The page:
Domingos’s book “The Master Algorithm: How the Quest for the Ultimate Learning Machine Will Remake Our World” is one of the books which Bill Gates recommends in order to understand Artificial Intelligence.
To get up to speed on artificial intelligence, Microsoft cofounder and philanthropist Bill Gates recommends Nick Bostrom’s Superintelligence and Pedro Domingos’s The Master Algorithm.
In the world’s top research labs and universities, the race is on to invent the ultimate learning algorithm: one capable of discovering any knowledge from data, and doing anything we want, before we even ask.
In The Master Algorithm, Pedro Domingos lifts the veil to give us a peek inside the learning machines that power Google, Amazon, and your smartphone. He assembles a blueprint for the future universal learner-the Master Algorithm-and discusses what it will mean for business, science, and society. If data-ism is today’s philosophy, this book is its bible.
Machine learning is the automation of discovery, and it is responsible for making our smartphones work, helping Netflix suggest movies for us to watch, and getting presidents elected. But there is a push to use machine learning to do even more—to cure cancer and AIDS and possibly solve every problem humanity has.
Domingos is at the very forefront of the search for the Master Algorithm, a universal learner capable of deriving all knowledge—past, present and future—from data. In this book, he lifts the veil on the usually secretive machine learning industry and details the quest for the Master Algorithm, along with the revolutionary implications such a discovery will have on our society.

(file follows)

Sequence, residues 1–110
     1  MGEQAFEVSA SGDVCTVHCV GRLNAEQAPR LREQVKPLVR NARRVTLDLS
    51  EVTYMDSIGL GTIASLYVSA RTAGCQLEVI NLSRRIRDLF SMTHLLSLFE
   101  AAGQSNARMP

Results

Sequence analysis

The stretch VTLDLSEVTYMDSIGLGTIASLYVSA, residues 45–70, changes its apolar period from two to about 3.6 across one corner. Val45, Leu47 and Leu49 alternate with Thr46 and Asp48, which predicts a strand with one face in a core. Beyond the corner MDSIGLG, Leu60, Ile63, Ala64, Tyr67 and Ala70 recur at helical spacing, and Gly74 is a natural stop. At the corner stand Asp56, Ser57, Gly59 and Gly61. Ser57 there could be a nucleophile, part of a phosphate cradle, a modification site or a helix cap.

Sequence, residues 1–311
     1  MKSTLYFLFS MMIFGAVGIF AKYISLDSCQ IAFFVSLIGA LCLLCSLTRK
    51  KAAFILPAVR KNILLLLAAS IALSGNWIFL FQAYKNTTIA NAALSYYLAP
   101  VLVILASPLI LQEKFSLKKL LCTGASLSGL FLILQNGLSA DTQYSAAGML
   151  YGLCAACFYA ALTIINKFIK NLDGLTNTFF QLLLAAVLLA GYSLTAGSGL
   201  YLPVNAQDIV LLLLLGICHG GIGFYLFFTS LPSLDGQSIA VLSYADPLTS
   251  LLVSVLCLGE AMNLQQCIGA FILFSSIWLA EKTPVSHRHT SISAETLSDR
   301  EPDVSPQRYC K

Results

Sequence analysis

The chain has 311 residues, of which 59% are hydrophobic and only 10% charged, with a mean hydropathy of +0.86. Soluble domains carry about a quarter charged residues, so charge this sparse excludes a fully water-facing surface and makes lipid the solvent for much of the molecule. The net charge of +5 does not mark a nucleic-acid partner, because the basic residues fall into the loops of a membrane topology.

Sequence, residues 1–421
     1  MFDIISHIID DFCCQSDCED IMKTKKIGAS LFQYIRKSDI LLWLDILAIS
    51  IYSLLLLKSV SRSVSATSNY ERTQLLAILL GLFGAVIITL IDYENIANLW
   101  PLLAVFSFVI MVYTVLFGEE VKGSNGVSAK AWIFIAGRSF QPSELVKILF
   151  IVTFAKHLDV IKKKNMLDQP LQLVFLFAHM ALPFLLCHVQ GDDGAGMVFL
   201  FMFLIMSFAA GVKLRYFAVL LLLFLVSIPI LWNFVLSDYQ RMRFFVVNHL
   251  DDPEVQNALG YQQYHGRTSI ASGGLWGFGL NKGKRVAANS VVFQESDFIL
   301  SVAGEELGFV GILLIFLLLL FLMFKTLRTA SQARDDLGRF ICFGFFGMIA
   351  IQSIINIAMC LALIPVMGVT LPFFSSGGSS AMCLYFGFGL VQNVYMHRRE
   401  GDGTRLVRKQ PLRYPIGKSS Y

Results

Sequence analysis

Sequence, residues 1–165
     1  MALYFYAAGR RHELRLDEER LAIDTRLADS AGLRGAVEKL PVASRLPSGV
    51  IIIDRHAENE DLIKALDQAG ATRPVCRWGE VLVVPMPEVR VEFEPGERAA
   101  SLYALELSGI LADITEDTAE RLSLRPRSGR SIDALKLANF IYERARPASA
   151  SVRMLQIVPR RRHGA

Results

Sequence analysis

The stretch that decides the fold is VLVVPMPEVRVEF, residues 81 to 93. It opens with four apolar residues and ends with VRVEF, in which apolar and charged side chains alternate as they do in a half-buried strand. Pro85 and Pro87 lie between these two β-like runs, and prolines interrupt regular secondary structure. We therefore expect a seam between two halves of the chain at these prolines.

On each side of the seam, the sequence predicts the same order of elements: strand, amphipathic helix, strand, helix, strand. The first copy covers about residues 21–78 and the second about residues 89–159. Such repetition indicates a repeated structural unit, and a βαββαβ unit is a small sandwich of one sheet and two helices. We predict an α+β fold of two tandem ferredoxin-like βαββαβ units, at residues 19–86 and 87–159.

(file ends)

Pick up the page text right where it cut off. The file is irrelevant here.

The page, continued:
Domingos writes: “If it exists, the Master Algorithm can derive all knowledge in the world—past, present, and future—from data. Inventing it would be one of the greatest advances in the history of science.”
Pedro Domingos is a professor of computer science at the University of Washington and the author of “The Master Algorithm”. He is a winner of the SIGKDD Innovation Award, the highest honor in data science. He is a Fellow of the Association for the Advancement of Artificial Intelligence, and has received a Fulbright Scholarship, a Sloan Fellowship, the National Science Foundation’s CAREER Award, and numerous best paper awards.
He received his Ph.D. from the University of California at Irvine and is the author or co-author of over 200 technical publications. He has held visiting positions at Stanford, Carnegie Mellon, and MIT. He co-founded the International Machine Learning Society in 2001. His research spans a wide variety of topics in machine learning, artificial intelligence, and data science, including scaling learning algorithms to big data, maximizing word of mouth in social networks, unifying logic and probability, and deep learning.